How to Make Relocation Easier for Expats

by Expath Global Mobility

Global mobility is complex and can be overwhelming for both the expats relocating and for their employer. Find out what companies can do to make this process smoother and stress-free for everyone involved.

Note: This is a reproduction of the original interview published on HRNuggets on March 12, 2024.

Tell us about yourself, your journey and your current mission.

My name is Tia Robinson, I’m the Cofounder & CEO of Expath, and our mission since 2012 is to help expats in Germany settle in and find their place — whether that’s finding a job, becoming a freelancer, learning German, and so on. We do language training (mostly German) and immigration and relocation support.

What was your story of becoming an expat?

I studied abroad and taught English in Montpellier, France when I was 21 and realized that I fit in much better in Europe than in the US. I came back to the US, did an MA in Applied Linguistics (how to learn and teach languages, that’s what you study to do teacher training and lead language schools) and then moved to Istanbul for a year to teach.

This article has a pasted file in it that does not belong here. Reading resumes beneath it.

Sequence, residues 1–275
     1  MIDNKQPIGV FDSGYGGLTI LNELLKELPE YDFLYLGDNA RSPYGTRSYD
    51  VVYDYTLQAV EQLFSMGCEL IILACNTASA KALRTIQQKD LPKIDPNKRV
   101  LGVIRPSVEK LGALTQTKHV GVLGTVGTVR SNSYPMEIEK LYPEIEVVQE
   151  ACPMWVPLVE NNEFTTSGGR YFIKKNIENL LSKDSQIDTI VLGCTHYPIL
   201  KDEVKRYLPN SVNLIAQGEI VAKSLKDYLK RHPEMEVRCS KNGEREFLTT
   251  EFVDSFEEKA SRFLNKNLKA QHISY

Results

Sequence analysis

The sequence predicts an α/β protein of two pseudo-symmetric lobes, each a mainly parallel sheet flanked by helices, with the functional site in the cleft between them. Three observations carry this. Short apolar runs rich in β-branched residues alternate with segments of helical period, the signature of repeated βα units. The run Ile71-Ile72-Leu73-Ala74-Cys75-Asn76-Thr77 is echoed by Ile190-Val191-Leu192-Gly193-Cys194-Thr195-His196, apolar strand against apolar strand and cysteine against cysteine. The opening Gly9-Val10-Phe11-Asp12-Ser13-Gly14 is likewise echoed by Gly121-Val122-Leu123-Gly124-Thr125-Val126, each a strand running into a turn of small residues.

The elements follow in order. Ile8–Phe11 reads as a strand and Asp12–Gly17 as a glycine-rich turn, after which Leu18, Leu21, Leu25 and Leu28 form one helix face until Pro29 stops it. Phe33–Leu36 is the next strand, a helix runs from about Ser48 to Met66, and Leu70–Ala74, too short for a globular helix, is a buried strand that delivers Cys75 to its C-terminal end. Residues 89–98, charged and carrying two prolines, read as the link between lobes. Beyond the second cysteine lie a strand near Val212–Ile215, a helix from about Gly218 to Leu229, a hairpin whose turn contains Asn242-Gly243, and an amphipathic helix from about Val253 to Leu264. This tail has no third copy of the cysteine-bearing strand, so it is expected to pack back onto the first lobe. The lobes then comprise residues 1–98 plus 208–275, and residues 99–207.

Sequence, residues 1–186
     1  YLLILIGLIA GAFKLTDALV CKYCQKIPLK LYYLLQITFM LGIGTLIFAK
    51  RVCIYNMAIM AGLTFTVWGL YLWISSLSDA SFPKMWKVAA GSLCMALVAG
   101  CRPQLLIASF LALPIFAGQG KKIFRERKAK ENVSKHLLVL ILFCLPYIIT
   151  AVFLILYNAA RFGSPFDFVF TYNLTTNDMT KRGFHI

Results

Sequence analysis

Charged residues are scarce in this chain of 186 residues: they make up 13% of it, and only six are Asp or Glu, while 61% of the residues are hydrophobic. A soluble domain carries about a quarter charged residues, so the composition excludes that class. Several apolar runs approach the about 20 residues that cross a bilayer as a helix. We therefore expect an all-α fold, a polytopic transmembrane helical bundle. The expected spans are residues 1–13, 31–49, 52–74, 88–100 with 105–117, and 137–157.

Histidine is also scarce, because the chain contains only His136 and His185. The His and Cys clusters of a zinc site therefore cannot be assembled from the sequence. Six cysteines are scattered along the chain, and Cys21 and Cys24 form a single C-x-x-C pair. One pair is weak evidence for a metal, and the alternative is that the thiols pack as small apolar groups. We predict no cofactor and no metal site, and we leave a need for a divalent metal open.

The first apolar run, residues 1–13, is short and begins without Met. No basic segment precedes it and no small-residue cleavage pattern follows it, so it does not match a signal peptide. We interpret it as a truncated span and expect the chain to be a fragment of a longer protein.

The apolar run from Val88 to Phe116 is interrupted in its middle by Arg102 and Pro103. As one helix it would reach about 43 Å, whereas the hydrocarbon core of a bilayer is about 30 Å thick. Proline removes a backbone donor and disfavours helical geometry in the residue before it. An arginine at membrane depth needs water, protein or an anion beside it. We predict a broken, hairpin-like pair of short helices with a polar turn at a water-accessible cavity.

Berlin came next, in 2007. My partner and I both did NOT get our first work permits — me because I was trying to apply with a part-time job making €800 and him because the immigration office just lost half his paperwork so nobody was processing his case for months until his company took back the job offer. Neither of our companies could or would offer us help in the situation, so we both had to start all over again with new jobs and applications. It took us around six months until we could actually start earning money. That negative experience really helped shape my mission to help others with German bureaucracy and empower them with an awesome school to teach them German.

What are the key moments that shape an expat‘s relocation journey the most?

In the world of Global Mobility we often break services up into pre-departure, settling in, home-finding and school search services.

  1. Pre-departure, people are often a bundle of nerves with 100 questions on logistics, because it is really a huge deal to move your entire life to another country! Expats often need to rent out or sell their home, put their stuff in storage, find all their paperwork like degrees and kids’ medical and school records, decide what they will bring or ship and how, where they will stay the first weeks, etc. That’s not even mentioning visas and immigration questions. So we try to help them organise and break down what they need to do when, calm them down with empathy and moral support, and do a lot of expectations management.